A warning letter was issued by the U.S. Food and Drug Administration (FDA) to a skincare company for promoting and selling unapproved new drugs. Whether at the District Office level or at Headquarters, the FDA will take steps against products promoted with unproven claims about a new product being made available to the public. The letter in content is not unusual, but the enforcement action is the sign of a growing trend.
The FDA cited an example of the special enforcement when the agency objected to a product that referenced a stem cell renewal treatment. Claims referred to “wrinkles,” “stem cells,” “skin lightening,” “skin healing,” “eliminates age spots,” and “boosts collagen synthesis,” to name a few terms that caused the agency’s closer examination. The product in question was not specifically recognized as safe and effective for the purposes promoted and therefore, was an unapproved new drug, according to the FDA.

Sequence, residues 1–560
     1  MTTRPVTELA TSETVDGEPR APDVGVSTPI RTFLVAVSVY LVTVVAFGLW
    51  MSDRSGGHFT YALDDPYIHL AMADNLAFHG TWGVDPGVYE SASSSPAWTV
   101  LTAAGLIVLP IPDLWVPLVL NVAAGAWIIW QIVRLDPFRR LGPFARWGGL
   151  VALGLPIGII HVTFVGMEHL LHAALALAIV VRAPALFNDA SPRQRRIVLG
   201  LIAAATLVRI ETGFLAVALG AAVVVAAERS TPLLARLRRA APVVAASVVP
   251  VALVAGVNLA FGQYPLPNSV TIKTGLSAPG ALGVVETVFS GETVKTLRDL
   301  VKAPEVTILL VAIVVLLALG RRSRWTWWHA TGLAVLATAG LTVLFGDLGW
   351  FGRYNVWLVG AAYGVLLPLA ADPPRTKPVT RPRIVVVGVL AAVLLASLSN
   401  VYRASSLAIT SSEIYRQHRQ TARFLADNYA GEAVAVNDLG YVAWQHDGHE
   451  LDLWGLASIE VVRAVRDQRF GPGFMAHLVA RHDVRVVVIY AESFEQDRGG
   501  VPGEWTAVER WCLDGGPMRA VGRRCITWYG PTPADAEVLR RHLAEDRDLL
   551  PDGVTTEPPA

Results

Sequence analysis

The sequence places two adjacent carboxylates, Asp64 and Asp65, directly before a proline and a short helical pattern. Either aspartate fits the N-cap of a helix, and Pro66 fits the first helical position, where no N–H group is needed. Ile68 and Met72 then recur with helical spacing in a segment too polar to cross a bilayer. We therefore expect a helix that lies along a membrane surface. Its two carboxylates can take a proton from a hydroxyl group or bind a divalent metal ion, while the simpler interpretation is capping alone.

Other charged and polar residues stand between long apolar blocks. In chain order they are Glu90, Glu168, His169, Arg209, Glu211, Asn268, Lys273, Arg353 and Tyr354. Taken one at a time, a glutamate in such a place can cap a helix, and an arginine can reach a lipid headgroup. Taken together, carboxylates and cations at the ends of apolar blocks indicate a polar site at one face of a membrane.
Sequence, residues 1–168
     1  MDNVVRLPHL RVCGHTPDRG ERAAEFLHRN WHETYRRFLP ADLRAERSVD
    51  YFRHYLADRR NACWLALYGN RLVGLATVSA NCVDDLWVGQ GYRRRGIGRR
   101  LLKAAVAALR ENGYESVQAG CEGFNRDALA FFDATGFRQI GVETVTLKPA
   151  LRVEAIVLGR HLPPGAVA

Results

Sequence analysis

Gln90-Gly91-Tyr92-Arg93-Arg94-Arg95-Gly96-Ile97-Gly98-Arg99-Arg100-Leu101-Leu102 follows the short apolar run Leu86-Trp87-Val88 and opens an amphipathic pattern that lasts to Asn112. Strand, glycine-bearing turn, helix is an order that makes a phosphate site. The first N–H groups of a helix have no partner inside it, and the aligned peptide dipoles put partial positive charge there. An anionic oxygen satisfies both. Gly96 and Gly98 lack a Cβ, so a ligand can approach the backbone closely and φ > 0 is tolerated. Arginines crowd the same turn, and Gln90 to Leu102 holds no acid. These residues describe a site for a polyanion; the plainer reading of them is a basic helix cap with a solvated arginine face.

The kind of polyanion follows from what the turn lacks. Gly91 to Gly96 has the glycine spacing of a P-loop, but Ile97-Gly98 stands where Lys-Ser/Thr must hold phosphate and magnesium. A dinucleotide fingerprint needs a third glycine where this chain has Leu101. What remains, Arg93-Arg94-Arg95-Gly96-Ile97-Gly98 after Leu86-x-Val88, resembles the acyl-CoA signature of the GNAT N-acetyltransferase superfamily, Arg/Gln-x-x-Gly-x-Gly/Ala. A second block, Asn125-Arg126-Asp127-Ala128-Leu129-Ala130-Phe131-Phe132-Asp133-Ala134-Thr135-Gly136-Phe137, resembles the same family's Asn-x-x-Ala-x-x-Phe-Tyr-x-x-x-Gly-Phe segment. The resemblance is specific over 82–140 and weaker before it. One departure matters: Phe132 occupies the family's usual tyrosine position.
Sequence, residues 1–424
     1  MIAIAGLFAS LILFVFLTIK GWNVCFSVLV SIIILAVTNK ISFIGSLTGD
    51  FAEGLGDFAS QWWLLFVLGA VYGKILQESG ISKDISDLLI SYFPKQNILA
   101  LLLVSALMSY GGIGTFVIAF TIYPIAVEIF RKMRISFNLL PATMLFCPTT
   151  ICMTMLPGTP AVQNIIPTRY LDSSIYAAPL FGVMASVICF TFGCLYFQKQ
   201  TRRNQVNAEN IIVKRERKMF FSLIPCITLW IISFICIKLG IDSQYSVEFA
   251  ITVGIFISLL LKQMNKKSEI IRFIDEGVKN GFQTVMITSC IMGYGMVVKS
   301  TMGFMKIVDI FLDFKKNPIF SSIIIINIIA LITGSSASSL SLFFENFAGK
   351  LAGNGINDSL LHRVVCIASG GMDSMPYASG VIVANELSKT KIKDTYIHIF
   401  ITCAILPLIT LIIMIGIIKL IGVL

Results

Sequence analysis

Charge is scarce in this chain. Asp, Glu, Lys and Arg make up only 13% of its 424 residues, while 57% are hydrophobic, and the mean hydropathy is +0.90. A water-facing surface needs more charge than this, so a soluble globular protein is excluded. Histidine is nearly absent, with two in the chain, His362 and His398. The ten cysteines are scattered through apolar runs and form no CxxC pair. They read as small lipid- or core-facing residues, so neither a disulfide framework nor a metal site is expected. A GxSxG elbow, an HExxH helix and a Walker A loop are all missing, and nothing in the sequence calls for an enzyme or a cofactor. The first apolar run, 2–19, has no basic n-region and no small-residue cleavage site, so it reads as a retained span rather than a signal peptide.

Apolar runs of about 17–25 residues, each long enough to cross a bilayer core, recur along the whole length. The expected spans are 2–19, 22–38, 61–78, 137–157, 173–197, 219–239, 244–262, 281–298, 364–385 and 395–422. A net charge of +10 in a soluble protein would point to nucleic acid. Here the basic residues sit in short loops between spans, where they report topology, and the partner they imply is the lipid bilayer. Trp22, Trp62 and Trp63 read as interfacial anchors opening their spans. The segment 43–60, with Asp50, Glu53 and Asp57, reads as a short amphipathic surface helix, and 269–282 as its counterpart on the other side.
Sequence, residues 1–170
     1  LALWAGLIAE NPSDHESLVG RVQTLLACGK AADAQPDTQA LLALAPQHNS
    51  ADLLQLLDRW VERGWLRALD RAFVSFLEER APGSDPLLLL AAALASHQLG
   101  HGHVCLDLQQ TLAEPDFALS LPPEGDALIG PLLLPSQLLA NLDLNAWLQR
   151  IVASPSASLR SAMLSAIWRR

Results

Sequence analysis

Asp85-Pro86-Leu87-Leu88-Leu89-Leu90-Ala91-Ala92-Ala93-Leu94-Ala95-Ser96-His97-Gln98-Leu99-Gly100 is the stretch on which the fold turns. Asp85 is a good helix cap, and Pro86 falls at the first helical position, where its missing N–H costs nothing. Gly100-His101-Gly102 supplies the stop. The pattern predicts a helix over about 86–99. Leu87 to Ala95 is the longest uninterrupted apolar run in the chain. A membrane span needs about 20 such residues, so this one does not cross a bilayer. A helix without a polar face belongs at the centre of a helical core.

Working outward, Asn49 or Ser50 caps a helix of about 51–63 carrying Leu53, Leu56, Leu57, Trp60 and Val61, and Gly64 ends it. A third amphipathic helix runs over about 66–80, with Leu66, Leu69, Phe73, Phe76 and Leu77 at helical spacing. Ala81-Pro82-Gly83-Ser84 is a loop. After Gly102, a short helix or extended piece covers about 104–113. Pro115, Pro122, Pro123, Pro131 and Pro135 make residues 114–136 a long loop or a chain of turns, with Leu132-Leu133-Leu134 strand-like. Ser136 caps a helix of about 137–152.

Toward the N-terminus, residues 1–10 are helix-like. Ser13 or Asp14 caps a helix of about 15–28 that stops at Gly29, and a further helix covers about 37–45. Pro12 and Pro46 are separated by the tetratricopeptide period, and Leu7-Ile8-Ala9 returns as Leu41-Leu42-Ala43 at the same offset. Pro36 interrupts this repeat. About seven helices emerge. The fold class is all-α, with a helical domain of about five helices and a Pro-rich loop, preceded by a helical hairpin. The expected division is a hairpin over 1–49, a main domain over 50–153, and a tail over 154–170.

The FDA recommends that the company re-review its website, labels, and labeling to ensure compliance with agency guidelines. Pharmaceutical and medical device companies often use a Promotional Review Committee, for example, as an internal review process. Many cosmetic companies to not take advantage of this collective wisdom that can be an important factor in the eventual approval of a product. By having representatives from commercial, marketing, medical regulatory, and legal to review product claims, there is additional input to aid in compliance efforts as well as the company’s achieving its business objectives.
It normally takes more than one term or phrase, although not impossible, to cause an enforcement letter to be sent by the FDA. A number of claims are usually made that may merit FDA attention. Along with plaintiff lawyer’s complaints, companies must also consider scrutiny from other federal and state regulatory bodies for false advertising.